# Фрагменты когнитивной психологии. Бабушкин А.П. - 13 стр.

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13
conceptualize what an image is. Difficulties in studying imagery were in large part
responsible for the Behaviorists’ swing away from studying mental activity of any sort.
Visual images share many properties with the products of visual perception. Nowadays
mental images are better explained and understood in the terms of computational
theories. Computational theories of imagery attempt to account for how information is
stored and processed when one uses imagery; such theories focus on the brain activities
involved in imagery rather than on the conscious experience of imagery itself.
If perception-based knowledge representation is a knowledge representation that
attempts to preserve much of the structure of a perceptual experience, than meaning
representation attempts to abstract out some significant aspects of an experience.
Recall a wedding you attended a while ago. Presumably, you can remember who
married whom, probably where the wedding was, many of the people at the wedding,
and some of the things that happened. However, you would probably be hard pressed to
say exactly what all the participants wore and exactly what was said although you
probably registered all of these details. Thus we extract what is significant about an
event and discard many of the unimportant events. A fair amount of research in
cognitive psychology has been devoted to documenting the importance of such
meaning-based memories and establishing that they are different from perception-based
memories. There are two types of meaning-based representations: propositional
structures that encode the significant information about a particular event (such as who
married whom in the wedding) and schemas that represent categories of events and
objects in terms of their typical properties (such as what typically happens at a
wedding).
5. Answer the following questions to the text:
1) Who was the father of the dual-code theory?
2) What does the dual-code theory state?
3) Is memory for verbal material superior to memory for pictorial material?
4) In what way can verbal material be greatly enhanced?
5) Are verbal and visual information processed by different parts of the brain?
6) What is a naive interpretation of the way representations are produced?
7) Do mental images look like actual images?
8) Visual images share many properties with the products of visual perception, don’t
they?
9) What is perception-based knowledge representation?
10) In what way does meaning-based knowledge representation differ from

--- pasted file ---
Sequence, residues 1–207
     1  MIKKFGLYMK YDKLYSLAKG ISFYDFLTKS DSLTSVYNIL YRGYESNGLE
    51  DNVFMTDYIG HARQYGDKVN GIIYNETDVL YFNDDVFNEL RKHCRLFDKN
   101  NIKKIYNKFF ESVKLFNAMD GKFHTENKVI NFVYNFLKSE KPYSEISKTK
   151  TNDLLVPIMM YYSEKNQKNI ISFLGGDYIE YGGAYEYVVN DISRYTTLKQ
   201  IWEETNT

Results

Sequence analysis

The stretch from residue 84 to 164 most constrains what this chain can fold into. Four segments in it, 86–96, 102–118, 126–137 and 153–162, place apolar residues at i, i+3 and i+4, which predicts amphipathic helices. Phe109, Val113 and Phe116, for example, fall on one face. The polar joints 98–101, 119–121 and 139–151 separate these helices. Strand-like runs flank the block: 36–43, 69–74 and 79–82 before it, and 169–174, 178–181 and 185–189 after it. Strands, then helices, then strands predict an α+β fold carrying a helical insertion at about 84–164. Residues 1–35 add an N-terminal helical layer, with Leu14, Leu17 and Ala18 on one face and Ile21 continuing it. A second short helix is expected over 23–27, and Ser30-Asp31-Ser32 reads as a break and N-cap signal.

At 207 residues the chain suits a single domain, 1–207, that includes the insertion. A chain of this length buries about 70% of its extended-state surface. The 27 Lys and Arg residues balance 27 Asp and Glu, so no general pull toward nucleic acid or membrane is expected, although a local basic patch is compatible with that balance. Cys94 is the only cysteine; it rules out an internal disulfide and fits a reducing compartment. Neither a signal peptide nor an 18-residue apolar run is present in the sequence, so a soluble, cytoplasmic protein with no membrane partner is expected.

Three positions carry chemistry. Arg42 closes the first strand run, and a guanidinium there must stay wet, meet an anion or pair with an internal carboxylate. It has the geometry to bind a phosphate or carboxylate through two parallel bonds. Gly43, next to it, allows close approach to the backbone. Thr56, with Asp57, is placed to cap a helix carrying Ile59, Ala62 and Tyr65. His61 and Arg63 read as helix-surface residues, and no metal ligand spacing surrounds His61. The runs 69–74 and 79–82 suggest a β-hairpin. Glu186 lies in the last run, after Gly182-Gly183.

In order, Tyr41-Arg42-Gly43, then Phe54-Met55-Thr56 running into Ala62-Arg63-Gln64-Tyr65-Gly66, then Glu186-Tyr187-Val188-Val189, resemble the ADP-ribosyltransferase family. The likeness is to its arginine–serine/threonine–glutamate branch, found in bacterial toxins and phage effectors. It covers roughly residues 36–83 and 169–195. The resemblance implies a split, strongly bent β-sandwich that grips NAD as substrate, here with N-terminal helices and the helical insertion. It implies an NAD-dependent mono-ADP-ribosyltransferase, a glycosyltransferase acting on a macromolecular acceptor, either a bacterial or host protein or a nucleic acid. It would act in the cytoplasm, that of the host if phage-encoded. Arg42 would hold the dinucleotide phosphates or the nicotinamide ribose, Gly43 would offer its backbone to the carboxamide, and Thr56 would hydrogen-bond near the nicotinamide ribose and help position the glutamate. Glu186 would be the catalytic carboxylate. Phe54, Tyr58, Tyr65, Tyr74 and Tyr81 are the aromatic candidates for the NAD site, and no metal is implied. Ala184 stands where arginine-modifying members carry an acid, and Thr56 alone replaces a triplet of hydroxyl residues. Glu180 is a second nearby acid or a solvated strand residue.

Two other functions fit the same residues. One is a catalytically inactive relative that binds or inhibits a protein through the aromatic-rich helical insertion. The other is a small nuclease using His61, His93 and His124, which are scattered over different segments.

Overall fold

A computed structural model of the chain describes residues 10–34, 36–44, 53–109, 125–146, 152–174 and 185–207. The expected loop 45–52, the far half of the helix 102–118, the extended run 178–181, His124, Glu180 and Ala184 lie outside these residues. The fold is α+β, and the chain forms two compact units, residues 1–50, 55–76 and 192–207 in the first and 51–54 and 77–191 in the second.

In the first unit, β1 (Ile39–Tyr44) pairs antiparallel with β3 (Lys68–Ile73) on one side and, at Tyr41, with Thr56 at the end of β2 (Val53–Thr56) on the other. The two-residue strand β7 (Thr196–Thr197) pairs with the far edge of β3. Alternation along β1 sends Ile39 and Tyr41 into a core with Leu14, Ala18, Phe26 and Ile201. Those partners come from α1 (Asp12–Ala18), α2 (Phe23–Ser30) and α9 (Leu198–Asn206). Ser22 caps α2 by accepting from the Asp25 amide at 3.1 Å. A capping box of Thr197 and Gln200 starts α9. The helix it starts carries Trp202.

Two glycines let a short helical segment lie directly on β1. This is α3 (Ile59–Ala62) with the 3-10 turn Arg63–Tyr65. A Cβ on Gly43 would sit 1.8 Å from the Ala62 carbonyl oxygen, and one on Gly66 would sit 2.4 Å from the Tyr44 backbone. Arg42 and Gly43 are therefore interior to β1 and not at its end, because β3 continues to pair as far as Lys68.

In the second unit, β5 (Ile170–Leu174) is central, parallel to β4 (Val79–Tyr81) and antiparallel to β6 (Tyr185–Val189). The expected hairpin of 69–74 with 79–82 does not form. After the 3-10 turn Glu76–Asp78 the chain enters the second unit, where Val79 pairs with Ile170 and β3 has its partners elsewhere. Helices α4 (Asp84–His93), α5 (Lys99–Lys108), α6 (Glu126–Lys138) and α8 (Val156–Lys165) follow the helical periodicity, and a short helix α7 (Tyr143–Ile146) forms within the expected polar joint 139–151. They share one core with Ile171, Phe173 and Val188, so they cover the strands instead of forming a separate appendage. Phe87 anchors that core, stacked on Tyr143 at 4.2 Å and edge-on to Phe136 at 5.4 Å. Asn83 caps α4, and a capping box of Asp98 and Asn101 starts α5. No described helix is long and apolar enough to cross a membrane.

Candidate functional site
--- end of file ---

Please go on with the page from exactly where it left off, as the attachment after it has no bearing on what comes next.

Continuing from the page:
perception-based knowledge representation?
6. Formulate your understanding of perception-based and meaning-based knowledge
representations.
                                          13
conceptualize what an image is. Difficulties in studying imagery were in large part
responsible for the Behaviorists’ swing away from studying mental activity of any sort.
Visual images share many properties with the products of visual perception. Nowadays
mental images are better explained and understood in the terms of computational
theories. Computational theories of imagery attempt to account for how information is
stored and processed when one uses imagery; such theories focus on the brain activities
involved in imagery rather than on the conscious experience of imagery itself.
If perception-based knowledge representation is a knowledge representation that
attempts to preserve much of the structure of a perceptual experience, than meaning
representation attempts to abstract out some significant aspects of an experience.
Recall a wedding you attended a while ago. Presumably, you can remember who
married whom, probably where the wedding was, many of the people at the wedding,
and some of the things that happened. However, you would probably be hard pressed to
say exactly what all the participants wore and exactly what was said although you
probably registered all of these details. Thus we extract what is significant about an
event and discard many of the unimportant events. A fair amount of research in
cognitive psychology has been devoted to documenting the importance of such
meaning-based memories and establishing that they are different from perception-based
memories. There are two types of meaning-based representations: propositional
structures that encode the significant information about a particular event (such as who
married whom in the wedding) and schemas that represent categories of events and
objects in terms of their typical properties (such as what typically happens at a
wedding).

5. Answer the following questions to the text:

1) Who was the father of the dual-code theory?
2) What does the dual-code theory state?
3) Is memory for verbal material superior to memory for pictorial material?
4) In what way can verbal material be greatly enhanced?
5) Are verbal and visual information processed by different parts of the brain?
6) What is a naive interpretation of the way representations are produced?
7) Do mental images look like actual images?
8) Visual images share many properties with the products of visual perception, don’t
they?
9) What is perception-based knowledge representation?
10) In what way does meaning-based knowledge representation differ from
perception-based knowledge representation?

6. Formulate your understanding of perception-based and meaning-based knowledge
representations.